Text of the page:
I spent most of today lying in bed. It was a wise choice because by 2PM I started to think that I would feel well enough to walk tonight. Considering that yesterday I was wishing for a medically-induced coma to ride out this flu I would say that I am making progress.
We have several packages that need to go to UPS. Yes, a couple of them have been sitting in the dining room for weeks, but one is our recalled Vitamix container and the sooner we send it out the sooner it comes back (and the sooner we can stop hacking the food processor into a smoothie maker), so the pile of packages jumped up the priority list.
Papa said he would try to come home to take them in time. I said I would try too. I printed some return labels and hauled myself out of bed to get the packages sorted, taped, and labeled.
I was out of breath and wheezing within 15 minutes; I think I understand what people mean when they say that they feel like an elephant is standing on their chest. That 15 minutes may have set me back to yesterday. Seriously. I got back in bed and texted Papa that I just couldn't do it.
And just like that, he said he would come and do it. Even though he is crazy busy at work, he left to come home to do my errand.
I love that man.
I hate being ill. I especially hate being this kind of ill, the kind where I have to lie here and do nothing (or almost nothing ... I can fold laundry in bed). I used to pride myself on being to keep it all going even though I was sick. Heck, I was proud of myself for pulling off our main meal lunch yesterday (by 2PM I realized what a stupid idea that had been).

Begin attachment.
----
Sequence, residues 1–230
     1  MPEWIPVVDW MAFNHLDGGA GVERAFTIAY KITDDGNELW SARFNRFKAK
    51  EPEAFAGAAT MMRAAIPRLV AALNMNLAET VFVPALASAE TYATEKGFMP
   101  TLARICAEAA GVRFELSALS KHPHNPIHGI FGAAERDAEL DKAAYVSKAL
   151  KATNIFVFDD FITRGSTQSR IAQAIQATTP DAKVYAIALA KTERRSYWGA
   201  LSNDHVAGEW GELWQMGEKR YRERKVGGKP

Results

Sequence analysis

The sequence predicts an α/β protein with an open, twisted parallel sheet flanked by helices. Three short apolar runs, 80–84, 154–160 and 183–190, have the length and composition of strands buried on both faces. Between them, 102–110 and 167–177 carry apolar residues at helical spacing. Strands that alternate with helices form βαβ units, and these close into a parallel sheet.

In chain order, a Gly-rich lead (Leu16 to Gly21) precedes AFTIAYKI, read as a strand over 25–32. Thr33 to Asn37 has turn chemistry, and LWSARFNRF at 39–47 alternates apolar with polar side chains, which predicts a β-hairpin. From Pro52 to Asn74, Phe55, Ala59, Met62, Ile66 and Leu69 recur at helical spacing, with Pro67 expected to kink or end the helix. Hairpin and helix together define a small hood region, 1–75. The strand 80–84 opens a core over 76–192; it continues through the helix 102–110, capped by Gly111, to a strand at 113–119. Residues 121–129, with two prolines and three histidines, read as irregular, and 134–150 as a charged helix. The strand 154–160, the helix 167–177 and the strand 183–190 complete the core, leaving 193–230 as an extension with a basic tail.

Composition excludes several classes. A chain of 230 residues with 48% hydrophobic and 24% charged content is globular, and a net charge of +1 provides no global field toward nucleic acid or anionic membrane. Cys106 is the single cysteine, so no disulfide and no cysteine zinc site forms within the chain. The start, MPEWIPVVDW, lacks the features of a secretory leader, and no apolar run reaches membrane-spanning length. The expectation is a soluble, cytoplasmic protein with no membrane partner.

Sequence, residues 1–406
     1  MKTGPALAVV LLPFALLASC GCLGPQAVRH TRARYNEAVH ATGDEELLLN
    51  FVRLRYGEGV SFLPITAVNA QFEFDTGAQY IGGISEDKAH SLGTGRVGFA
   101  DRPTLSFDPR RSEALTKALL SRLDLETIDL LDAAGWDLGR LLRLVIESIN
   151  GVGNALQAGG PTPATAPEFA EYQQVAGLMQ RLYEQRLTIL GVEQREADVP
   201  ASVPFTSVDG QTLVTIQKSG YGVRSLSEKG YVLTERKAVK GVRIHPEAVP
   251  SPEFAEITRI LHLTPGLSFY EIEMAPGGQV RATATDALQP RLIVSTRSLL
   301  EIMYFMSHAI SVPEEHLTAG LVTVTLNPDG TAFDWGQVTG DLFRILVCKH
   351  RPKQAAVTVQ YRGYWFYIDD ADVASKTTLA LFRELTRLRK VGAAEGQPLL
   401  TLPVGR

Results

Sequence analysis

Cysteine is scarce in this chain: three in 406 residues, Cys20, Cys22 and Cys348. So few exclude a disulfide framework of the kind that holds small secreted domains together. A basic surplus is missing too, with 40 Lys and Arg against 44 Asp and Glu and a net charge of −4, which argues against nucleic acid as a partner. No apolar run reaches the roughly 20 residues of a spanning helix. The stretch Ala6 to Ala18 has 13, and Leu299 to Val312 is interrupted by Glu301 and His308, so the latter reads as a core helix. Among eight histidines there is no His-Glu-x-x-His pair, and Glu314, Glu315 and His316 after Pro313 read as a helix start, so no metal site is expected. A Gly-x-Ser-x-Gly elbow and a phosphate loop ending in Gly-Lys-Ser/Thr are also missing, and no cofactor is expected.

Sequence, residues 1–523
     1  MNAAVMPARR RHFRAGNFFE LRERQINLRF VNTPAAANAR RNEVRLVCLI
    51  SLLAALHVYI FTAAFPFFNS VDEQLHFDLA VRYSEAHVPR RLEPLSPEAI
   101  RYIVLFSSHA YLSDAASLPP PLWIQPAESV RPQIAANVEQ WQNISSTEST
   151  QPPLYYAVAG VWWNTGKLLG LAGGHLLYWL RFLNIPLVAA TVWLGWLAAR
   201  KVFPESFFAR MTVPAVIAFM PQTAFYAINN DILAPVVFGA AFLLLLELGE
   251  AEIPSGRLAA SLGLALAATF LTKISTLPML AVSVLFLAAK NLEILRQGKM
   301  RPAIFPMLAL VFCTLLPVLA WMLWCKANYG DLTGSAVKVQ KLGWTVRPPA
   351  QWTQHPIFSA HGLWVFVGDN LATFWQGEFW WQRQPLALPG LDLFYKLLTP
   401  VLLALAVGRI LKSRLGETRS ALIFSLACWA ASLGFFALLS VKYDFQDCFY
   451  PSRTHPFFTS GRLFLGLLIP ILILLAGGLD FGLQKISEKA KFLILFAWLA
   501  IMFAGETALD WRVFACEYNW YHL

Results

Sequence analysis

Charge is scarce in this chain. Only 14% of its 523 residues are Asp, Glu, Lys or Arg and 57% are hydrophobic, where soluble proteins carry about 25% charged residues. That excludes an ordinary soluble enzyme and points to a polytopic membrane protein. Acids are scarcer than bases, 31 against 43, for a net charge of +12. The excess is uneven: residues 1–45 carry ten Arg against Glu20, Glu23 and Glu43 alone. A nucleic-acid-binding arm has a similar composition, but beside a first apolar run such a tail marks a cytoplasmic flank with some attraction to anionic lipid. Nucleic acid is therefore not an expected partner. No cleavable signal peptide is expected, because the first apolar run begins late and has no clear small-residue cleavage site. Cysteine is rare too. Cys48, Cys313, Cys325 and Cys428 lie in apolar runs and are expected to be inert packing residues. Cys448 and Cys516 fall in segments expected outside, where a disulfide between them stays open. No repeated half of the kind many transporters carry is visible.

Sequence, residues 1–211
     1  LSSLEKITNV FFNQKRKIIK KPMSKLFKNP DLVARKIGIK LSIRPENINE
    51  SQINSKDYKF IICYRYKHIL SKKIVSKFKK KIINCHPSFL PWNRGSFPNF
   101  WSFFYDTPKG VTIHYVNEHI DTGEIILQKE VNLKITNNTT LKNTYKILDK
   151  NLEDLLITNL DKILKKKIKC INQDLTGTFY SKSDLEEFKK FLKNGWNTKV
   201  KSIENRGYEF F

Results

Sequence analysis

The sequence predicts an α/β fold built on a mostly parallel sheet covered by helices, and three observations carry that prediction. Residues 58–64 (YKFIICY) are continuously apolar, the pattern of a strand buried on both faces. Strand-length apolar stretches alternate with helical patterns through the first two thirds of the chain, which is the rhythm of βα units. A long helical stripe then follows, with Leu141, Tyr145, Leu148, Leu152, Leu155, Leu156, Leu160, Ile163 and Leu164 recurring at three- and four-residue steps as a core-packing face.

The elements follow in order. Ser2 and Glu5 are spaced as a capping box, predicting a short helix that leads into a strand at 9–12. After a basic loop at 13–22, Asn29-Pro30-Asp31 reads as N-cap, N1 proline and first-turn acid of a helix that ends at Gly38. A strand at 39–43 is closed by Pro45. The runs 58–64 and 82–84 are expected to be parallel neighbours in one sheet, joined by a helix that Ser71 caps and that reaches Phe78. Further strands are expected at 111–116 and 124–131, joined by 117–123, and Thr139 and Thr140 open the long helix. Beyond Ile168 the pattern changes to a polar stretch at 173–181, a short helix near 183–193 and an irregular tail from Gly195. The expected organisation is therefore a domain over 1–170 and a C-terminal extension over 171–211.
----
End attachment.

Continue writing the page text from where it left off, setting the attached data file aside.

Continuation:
But being ill is teaching me a few good lessons, the foremost being that I should take my own advice. Without fail I send my kids to bed when they are sick. Their entire lives I have pulled them out of activities and park days as soon as the numbers on the thermometer rise or their throats are sore. And I have pretty healthy kids, so something must be working.
Another lesson is that my body in its 40s is not as resilient as my body in its 20s or 30s. This is my first flu in my 40s (I did have a weird come and go fever a few years ago that baffled me, but nothing like this). I am guessing that one can't power through the flu quite the same way that one does the common cold.
I didn't get a flu shot. Even though I am rather ill I'm still glad I didn't get a flu shot. Other people can debate them, but for me personally the risk of the shot still outweighs the risk of the flu. I don't know if that will hold true in another decade; as an asthmatic each respiratory illness can be serious. But for now I'd rather not have heavy metals and who knows what else injected into my body.
The biggest lesson of all is to accept ... my limits, help, even sympathy. To get in bed and stay in bed and let the kids eat cold cereal and let Papa bring in take out and just roll with it.
So I am thankful today for a life that allows me this illness. I am thankful that I will not lose my job for needing to stay home ill. I am thankful that I can afford for us to buy a few takeout meals until I am up to cooking again. I am thankful to have a partner who can help me through this.